It was with interest that I read an article published this week by filmmaker and author Dan Mirvish. Best known as the co-founder of the Slamdance Film Festival, Mirvish’s piece in the Filmmaker Magazine begins with a level of honesty rarely seen in the piracy debate.
“If you’re like most young-ish filmmakers, you grew up and matured in an open source world of Napster, YouTube and BitTorrent,” Mirvish told his fellow filmmakers.
“Whether it was making mixtapes for your college girlfriend, or ripping CDs and DVDs with your film school pals, ‘appropriating media’ might have been a way of life for you to consume and share your favorite songs, films and TV.”
Mirvish appears to understand his audience and by not demonizing the ‘enemy’ too much, he also opens the door to more creative anti-piracy thinking.
“As independent filmmakers, we have a more nuanced relationship with the pirates. As ‘gifted and misunderstood artists,’ we want to share our art with the world. So, the more people who see it, the merrier! And, as ‘content creators,’ we want to expand our personal branding and rack up our hits, clicks, tweets and swipes,” Mirvish continued.
The article, which is dedicated to ways of dealing with piracy, is certainly interesting. At no point are Mirvish’s readers advised to hire a lawyer. Instead, the filmmaker focuses on how creators can try to make piracy work for them.
Speaking with TorrentFreak, Mirvish says that for years indie filmmakers have not only had to deal with getting screwed over by their distributors, but also having to contend with fans obtaining their content for free. But all is not lost.
“It gets very hard for indie filmmakers to raise money from investors if we can’t say with a straight face that there’s any hope of recouping that money,” Mirvish says.
“That’s why I’ve advocated more of a non-profit model for filmmaking that’s more in line with how society funds things like opera, symphony, community theater or public radio. You don’t see Terry Gross complaining that her Fresh Air radio show is getting pirated!”
Mirvish says that public radio has found ways of raising money via pledge drive, corporate sponsorship and limited government support. As a result, nobody expects a “return” on that investment.
“So, with the advent of crowd-funding and non-profit fiscal sponsorship, that paradigm is starting to work its way into independent filmmaking. Once that happens, then piracy will simply become part of the distribution model, and the more of it, the better.”
Look back to move forward
While still frustrated by seeing his movies pirated on a daily basis, many of Mirvish’s comments will sit nicely with pro-piracy advocates. Recalling business models of yesterday, Mirvish believes that solutions can be found to make the most of the current situation.
“Remember, for 65 years even TV shows were given away for free, over the airwaves, and the networks figured out how to make money through commercial time. Nobody called that piracy!” he says.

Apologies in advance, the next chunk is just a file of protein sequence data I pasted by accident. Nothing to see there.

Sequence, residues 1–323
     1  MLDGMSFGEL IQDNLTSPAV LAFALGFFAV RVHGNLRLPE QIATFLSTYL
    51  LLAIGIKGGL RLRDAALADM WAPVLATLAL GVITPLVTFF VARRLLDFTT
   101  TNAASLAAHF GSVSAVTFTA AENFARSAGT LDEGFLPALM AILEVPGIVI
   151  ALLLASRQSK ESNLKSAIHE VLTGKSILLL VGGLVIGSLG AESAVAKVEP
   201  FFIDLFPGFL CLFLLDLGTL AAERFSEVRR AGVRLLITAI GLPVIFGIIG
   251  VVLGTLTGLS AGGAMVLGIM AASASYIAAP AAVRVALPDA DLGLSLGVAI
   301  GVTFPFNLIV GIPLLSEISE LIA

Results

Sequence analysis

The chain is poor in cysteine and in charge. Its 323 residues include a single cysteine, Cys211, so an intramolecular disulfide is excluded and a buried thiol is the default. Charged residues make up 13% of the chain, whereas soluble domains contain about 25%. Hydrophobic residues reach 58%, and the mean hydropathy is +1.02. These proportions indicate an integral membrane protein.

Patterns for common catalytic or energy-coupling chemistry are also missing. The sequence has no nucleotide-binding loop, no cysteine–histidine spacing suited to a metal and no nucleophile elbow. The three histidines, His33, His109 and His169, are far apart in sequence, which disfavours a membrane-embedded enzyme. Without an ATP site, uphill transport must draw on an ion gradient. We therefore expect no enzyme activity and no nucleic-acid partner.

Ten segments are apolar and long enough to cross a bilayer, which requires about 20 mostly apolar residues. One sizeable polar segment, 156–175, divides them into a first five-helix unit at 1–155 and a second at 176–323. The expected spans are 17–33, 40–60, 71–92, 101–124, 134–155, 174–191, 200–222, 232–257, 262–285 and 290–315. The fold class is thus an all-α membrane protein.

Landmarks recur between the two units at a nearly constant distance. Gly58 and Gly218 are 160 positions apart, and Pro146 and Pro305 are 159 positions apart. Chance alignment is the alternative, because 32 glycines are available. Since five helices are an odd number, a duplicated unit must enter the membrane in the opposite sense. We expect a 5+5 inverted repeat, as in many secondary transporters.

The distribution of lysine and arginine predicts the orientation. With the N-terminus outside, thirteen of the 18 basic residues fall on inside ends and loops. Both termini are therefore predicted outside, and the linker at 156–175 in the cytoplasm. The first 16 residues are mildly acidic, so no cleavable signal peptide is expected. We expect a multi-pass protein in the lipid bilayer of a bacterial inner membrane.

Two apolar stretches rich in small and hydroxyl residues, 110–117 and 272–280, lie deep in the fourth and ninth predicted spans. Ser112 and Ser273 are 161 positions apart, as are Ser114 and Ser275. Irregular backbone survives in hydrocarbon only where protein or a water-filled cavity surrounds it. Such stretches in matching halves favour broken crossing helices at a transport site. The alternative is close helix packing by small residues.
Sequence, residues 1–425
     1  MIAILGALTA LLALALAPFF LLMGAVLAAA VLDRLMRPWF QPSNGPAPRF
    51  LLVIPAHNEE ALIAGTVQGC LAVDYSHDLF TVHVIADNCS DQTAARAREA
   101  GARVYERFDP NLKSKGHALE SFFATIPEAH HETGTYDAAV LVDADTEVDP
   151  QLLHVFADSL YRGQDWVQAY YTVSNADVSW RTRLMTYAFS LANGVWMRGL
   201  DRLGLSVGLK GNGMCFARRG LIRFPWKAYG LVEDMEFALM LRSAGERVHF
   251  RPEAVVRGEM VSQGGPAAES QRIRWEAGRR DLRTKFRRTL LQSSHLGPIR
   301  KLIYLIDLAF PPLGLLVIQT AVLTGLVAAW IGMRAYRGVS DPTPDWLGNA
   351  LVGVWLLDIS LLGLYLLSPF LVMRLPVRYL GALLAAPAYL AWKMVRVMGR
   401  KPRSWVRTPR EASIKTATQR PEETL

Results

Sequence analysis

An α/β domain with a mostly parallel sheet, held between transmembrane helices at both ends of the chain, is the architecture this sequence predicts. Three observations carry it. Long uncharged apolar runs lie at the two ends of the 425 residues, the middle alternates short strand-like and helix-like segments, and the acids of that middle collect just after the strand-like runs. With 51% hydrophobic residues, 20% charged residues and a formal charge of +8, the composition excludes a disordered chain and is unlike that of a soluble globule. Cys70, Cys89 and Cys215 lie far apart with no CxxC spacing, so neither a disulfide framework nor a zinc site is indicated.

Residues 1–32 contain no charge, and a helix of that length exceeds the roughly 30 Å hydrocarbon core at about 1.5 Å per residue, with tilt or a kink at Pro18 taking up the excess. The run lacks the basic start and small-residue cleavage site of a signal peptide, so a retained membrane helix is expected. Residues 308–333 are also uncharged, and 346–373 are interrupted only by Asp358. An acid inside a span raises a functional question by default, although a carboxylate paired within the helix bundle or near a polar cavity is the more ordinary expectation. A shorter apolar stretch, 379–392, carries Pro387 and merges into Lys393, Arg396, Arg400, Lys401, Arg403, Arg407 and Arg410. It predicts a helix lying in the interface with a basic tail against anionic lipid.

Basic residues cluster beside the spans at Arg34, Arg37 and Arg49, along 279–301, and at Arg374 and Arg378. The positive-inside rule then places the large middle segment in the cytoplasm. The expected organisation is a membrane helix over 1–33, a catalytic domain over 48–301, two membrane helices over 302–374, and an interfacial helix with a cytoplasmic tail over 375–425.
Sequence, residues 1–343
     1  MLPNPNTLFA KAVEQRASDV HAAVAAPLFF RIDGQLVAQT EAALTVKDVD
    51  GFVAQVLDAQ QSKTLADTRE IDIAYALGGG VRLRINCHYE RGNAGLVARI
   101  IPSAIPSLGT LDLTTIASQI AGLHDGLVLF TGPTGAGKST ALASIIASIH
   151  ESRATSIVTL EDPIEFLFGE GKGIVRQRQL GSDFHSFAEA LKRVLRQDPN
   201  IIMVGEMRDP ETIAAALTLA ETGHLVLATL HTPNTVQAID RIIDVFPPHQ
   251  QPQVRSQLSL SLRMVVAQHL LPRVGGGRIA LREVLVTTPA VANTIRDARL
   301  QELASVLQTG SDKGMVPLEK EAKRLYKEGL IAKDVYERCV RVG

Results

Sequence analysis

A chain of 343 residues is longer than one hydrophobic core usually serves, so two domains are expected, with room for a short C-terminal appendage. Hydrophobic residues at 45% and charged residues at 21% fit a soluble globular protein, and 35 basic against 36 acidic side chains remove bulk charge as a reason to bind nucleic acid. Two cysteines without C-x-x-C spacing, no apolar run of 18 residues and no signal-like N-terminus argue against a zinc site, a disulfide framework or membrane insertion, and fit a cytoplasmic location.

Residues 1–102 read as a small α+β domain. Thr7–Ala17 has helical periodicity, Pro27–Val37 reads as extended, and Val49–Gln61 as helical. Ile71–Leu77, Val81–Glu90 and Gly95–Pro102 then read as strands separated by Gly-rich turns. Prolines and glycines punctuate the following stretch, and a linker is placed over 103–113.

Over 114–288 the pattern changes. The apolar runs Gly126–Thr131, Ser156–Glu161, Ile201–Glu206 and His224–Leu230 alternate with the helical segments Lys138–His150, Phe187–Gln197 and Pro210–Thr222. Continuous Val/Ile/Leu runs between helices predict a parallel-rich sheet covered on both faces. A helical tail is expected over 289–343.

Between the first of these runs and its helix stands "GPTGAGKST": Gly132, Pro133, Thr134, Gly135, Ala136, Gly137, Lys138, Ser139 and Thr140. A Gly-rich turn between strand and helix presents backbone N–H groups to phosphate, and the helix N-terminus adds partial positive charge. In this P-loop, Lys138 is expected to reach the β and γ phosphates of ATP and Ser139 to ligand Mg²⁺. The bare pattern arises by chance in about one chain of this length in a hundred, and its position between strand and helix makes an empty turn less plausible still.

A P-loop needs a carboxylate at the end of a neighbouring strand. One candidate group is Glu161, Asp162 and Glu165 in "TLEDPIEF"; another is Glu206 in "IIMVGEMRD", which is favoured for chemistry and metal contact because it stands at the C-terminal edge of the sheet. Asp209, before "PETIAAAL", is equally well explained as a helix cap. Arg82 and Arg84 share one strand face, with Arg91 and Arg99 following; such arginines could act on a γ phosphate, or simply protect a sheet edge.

“So, another solution is just to build in more product integration and product placement into our films, no matter how ‘artsy’ we’d like them to be. In that regard, the more a film is pirated, the better it is for the corporate sponsors.
“Every time someone watches “Between Us” and sees my characters drinking Pabst Blue Ribbon or driving a BMW, those companies are getting free advertising – regardless of whether the film is seen on a pirated site or through legitimate means. The challenge for me and other indie filmmakers is to quantify those eyeballs and charge appropriately for them on our next films.”
While the above strategies are certainly food for thought, Mirvish also has interesting views on how piracy can work for creators in other ways.
It leaked already, make the most of it
“My pal Richard Schenkman made a terrific film a few years ago called The Man from Earth that succeeded in getting a U.S. distribution deal from Starz/Anchor Bay. But a DVD screener got ripped and posted on torrent sites a couple weeks before the official release date,” he explains.
“From out of nowhere, the film jumped over 7,000 percent on IMDb’s MOVIEMeter, garnered an 8.8 rating and became a bona fide viral hit. Eventually, his film broke even financially, and he used its widespread fan base to finance a Kickstarter campaign for a TV series pilot.”
Other ideas from the filmmaker don’t involve taking content down, but leveraging the success of ‘pirate’ versions of content to make money in other areas.
“Use the model that musicians have had to deal with since the age of Napster: If you can’t make money selling your music, then commodify your performances and pimp your merch,” he explains.
“And if the pirates are showing your movie, then place your own ads for film-related T-shirts, DVDs and other fun extras. You can use Google ads as easily as Procter & Gamble, so keyword and tag your ads so they’ll show up on piracy sites, and start pimpin’ your own merch. Ahoy, mateys, it’s the wave of the future!”
Advertising can be useful in other ways too. Instead of taking down unauthorized content from YouTube, for example, creators should consider monetizing it. He cites a company called Zefr which scours YouTube for infringing clips and instead of taking them down requests a portion of the advertising revenue.
“Tubers keep their fun mashups, the studios and YouTube make money,” Mirvish notes.
While the approaches suggested by Mirvish aren’t going to be a good fit for all content creators, it certainly helps to turn some anti-piracy frustrations on their head.
In many respects if the pirates are doing well, then those following Mirvish’s suggestions have the potential to do well too. But only time will tell if these uneasy bedfellows can work together.